No. 622. Friday, November 19, 1714.

--Fallentis Semita Vitá.'
Hor.

Mr. SPECTATOR,

'In a former Speculation you have observed, that true Greatness doth not consist in that Pomp and Noise wherein the Generality of Mankind are apt to place it. You have there taken Notice, that Virtue in Obscurity often appears more illustrious in the Eye of superior Beings, than all that passes for Grandeur and Magnificence among Men.

When we look back upon the History of those who have born the Parts of Kings, Statesmen, or Commanders, they appear to us stripped of those out-side Ornaments that dazzled their Contemporaries; and we regard their Persons as great or little, in Proportion to the Eminence of their Virtues or Vices. The wise Sayings, generous Sentiments, or disinterested Conduct of a Philosopher under mean Circumstances of Life, set him higher in our Esteem than the mighty Potentates of the Earth, when we view them both through the long Prospect of many Ages. Were the Memoirs of an obscure Man, who lived up to the Dignity of his Nature, and according to the Rules of Virtue, to be laid before us, we should find nothing in such a Character which might not set him on a Level with Men of the highest Stations. The following Extract out of the private Papers of an honest Country-Gentleman will set this Matter in a clear Light. Your Reader will perhaps conceive a greater Idea of him from these Actions done in Secret, and without a Witness, than of those which have drawn upon them the Admiration of Multitudes.


_MEMOIRS_.
"In my 22d Year I found a violent Affection for my Cousin
_Charles's_ Wife growing upon me, wherein I was in danger of
succeeding, if I had not upon that Account begun my Travels into
foreign Countries.
"A little after my Return into _England_, at a private Meeting with
my Uncle _Francis_, I refused the Offer of his Estate, and prevailed
upon him not to disinherit his Son _Ned_.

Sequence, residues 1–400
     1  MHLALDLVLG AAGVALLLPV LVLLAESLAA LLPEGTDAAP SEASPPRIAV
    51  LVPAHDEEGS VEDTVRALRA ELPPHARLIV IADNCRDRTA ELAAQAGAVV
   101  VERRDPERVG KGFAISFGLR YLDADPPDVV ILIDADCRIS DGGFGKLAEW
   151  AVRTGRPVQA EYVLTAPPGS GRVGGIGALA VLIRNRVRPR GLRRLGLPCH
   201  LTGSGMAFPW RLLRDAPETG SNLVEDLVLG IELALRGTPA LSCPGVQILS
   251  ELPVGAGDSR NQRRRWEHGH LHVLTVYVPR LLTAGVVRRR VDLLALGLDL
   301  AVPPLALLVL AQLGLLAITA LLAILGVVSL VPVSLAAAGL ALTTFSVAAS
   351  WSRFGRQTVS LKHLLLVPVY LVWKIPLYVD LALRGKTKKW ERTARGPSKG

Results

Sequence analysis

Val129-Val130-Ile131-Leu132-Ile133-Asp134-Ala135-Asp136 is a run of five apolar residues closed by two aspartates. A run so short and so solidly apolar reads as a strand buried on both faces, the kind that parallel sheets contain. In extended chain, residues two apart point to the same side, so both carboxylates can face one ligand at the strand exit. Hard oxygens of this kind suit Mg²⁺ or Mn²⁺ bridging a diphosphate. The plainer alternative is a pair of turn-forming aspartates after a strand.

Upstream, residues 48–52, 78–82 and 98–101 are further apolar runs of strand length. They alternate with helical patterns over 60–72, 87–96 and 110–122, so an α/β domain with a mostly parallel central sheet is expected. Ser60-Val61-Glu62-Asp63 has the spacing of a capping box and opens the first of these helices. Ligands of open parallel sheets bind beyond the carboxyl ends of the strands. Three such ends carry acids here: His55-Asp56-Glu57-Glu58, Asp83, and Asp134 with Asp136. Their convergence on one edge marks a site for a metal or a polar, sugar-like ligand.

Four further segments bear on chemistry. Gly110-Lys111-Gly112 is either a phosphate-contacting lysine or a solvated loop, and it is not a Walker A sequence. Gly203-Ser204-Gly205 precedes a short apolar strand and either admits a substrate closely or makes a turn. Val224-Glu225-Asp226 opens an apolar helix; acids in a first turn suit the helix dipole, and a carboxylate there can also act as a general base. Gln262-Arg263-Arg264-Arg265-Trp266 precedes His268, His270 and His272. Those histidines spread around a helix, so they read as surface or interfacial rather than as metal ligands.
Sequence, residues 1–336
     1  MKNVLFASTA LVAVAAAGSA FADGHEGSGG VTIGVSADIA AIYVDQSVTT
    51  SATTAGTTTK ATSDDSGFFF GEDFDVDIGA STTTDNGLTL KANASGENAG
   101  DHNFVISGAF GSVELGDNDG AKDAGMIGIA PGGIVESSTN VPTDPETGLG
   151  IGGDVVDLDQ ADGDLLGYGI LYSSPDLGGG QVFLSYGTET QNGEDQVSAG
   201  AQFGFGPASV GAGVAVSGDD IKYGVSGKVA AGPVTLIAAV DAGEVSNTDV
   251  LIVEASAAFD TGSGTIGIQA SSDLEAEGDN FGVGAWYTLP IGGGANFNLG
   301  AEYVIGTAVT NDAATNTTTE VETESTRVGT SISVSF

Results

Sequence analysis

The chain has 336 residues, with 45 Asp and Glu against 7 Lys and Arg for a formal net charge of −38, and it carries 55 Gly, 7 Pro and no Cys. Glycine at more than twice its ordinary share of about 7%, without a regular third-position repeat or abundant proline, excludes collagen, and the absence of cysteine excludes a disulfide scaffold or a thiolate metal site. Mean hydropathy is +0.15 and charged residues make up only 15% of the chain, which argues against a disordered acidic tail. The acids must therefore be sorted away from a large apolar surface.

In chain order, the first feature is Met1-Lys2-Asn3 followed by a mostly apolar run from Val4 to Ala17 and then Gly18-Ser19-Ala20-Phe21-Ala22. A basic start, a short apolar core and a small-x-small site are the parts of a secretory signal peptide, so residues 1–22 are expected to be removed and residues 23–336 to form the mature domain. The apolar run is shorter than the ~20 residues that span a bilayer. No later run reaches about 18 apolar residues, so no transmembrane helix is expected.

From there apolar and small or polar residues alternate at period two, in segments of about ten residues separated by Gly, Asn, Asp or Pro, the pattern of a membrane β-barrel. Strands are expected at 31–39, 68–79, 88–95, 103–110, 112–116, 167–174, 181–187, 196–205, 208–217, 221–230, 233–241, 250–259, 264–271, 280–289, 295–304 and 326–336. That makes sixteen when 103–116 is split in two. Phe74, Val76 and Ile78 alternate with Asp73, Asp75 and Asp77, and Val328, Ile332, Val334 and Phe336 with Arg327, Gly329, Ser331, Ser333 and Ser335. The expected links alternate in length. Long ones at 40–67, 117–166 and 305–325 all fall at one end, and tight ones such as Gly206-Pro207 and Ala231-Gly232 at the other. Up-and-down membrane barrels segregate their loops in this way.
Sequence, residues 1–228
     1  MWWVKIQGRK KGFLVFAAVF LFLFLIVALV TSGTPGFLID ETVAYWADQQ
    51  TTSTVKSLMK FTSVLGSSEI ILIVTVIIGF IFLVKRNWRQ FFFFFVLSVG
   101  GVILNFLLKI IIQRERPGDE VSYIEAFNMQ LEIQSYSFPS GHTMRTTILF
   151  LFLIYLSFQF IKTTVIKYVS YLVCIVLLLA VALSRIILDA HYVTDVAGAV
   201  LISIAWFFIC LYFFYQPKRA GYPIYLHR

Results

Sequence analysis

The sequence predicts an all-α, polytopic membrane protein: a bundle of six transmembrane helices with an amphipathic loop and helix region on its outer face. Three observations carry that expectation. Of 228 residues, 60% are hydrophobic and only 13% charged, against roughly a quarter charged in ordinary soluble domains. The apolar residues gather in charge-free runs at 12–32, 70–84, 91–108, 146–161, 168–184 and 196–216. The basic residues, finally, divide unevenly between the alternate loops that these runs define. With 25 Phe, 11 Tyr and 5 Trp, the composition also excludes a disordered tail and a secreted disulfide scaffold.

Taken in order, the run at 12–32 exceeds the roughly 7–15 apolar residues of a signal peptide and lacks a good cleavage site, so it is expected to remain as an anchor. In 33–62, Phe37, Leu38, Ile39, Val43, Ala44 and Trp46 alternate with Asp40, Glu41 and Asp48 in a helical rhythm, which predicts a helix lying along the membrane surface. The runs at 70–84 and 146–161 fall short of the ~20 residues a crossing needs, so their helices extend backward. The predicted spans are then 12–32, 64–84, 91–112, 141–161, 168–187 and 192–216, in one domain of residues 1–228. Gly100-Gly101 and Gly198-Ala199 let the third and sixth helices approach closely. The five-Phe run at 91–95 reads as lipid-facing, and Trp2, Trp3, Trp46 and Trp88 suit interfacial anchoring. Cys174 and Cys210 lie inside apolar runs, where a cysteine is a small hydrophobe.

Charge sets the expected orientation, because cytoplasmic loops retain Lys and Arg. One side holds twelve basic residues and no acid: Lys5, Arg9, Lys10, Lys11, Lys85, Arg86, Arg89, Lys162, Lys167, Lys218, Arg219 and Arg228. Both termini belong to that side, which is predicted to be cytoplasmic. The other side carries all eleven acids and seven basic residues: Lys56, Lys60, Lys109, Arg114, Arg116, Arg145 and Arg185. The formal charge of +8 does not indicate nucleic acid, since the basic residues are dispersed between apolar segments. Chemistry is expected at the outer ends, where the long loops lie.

"_Mem_. Never to tell this to _Ned,_, lest he should think hardly of
his deceased Father; though he continues to speak ill of me for this
very Reason.
"Prevented a scandalous Law-suit betwixt my Nephew _Harry_ and his
Mother, by allowing her under-hand, out of my own Pocket, so much
Money yearly as the Dispute was about.
"Procured a Benefice for a young Divine, who is Sister's Son to the
good Man who was my Tutor, and hath been dead Twenty Years.
"Gave Ten Pounds to poor Mrs.--, my Friend _H--_'s Widow.
"_Mem_. To retrench one Dish at my Table, till I have fetched it up
again.
"_Mem_. To repair my House and finish my Gardens in order to employ
poor People after Harvest time.
"Ordered _John_ to let out Goodman D--'s Sheep that were pounded, by
Night: but not to let his Fellow-Servants know it.
"Prevailed upon _M. T._ Esq., not to take the Law of the Farmer's
Son for shooting a Partridge, and to give him his Gun again.
"Paid the Apothecary for curing an old Woman that confessed her self
a Witch.
"Gave away my favourite Dog for biting a Beggar.
"Made the Minister of the Parish and a _Whig_ Justice of one Mind,
by putting them upon explaining their Notions to one another.
"_Mem_, To turn off _Peter_ for shooting a Doe while she was eating
Acorns out of his Hand.
"When my Neighbour _John_, who hath often injured me, comes to make
his Request to Morrow:
"_Mem_. I have forgiven him.
"Laid up my Chariot and sold my Horses, to relieve the Poor in a
Scarcity of Corn.
"In the same Year remitted to my Tenants a Fifth Part of their
Rents.
"As I was airing to-day, I fell into a Thought that warmed my Heart,
and shall, I hope, be the better for it as long as I live.
"_Mem_. To charge my Son in private to erect no Monument for me; but
not to put this in my last Will.
Translation of motto:
HOR. 1 Ep. xviii. 103.
'A safe private quiet, which betrays
Itself to ease, and cheats away the days.'
(Pooley).